Rosie Millard May Run a Posh Book Club in the Groucho, but I Bet Mine among the Ladies of Nightingale House (Average Age 87) Is More Fun
According to a report published by Libri last month, the public library service spends [pounds sterling]1 bn of taxpayers' money a year, but only 9 per cent of this sum goes on books. OK, some of it is spent usefully on tapes and CDs and devoted librarians...
Screenwriting: Match Tarantino in Two Days
It's that time of year again when our film-makers migrate south for two weeks of schmoozing and boozing at Cannes. But don't panic if you forgot to book your flight: stay at home instead and cobble together a book called How to Write Totally Awesome...
Sexual Assault: No Rape Here-We Are a University
My first year at a top British university was, as one would expect, hard work, drunken and good fun. Then, one night, just after my exams, I awoke to find a male student in my room at halls. He had undressed himself and was touching me while masturbating...
Sympathy for the Devil: Of Two Tales of Sex, Drugs and Rock'n'roll, It Is the Film Made 30 Years Ago That Thrills
Wonderland (18) Performance (18) The popularisation of pornography in the early 1970s created two unlikely cult heroes. One was Harry Reems, a passable comic actor who co-starred with Linda Lovelace in the genre-defining hit Deep Throat, and...
The Business: The Creators of Google Risk Ending Up like Anita Roddick, Their Ideals Increasingly Sidelined by Commercial Priorities and with Diminished Control over Their Company
Larry Page and Sergey Brin have at last announced plans to float their company Google on the stock market. It is going to become one of the most closely watched financial transactions of the year. The two men, just 31 and 30, both sons of university...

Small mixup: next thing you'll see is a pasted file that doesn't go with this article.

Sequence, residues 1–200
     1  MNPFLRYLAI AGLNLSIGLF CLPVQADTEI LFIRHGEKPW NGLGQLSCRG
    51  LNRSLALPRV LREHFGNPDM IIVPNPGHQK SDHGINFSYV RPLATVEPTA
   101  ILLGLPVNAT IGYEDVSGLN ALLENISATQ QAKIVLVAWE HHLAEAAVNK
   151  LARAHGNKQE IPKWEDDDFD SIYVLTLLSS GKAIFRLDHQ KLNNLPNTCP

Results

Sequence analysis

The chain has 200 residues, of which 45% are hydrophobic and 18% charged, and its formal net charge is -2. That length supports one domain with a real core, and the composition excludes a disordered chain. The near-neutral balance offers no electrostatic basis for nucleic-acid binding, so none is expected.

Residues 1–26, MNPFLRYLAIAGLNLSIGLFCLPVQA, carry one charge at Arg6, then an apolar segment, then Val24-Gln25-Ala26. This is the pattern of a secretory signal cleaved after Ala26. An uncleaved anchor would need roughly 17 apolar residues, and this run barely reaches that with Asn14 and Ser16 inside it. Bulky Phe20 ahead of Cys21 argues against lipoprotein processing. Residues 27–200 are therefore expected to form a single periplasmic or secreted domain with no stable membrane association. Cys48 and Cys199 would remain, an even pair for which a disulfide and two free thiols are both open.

The Cap of Youth: Trevor Nunn's Wonderfully Fresh Production Presents the Prince as a Morose Teenager
Hamlet Old Vic, London SE1 In 30 years of seeing Hamlet on stage and screen, I have never been more absorbed or moved than by the production playing at the Old Vic. Trevor Nunn's decision to cast very young actors as Hamlet and Ophelia produces...
The End of the Probation Service: It Sounds like a Good Idea-Putting People Who Deal with Offenders, Both in Prison and out of It, under the Same Management. but Expect a Bureaucratic Shambles
In the 1994 smash hit Speed, Keanu Reeves and Sandra Bullock play a police officer and a teacher trapped on a school bus that has been rigged with a bomb by a madman. If they allow the bus's speed to slow to less than 50mph for one moment, the bomb...
The Fan: A Big Welcome to Delia. at Last, a Woman of Substance in the Premiership
It's the time of the year when we say it's this time of the year. So step forward, the season's triumphs and disasters, and if you can keep your head when all about you are trying to read the manager's motto on the dressing-room wall, you're a better...
The Insider: A Dark Horse for PM, Gisela Keeps Dubious Company, and Unisex Lavatories for the Hacks
Rehabilitation indeed! While the Brownites and the Strawists quarrel about who shall succeed Tony Blair, Stephen Byers is creeping up on the rails as the dark-horse candidate. The idea that he could become leader would have been unthinkable even a...
This Country's Alliance of Tribes Has Always Relied on Amiable English Compromise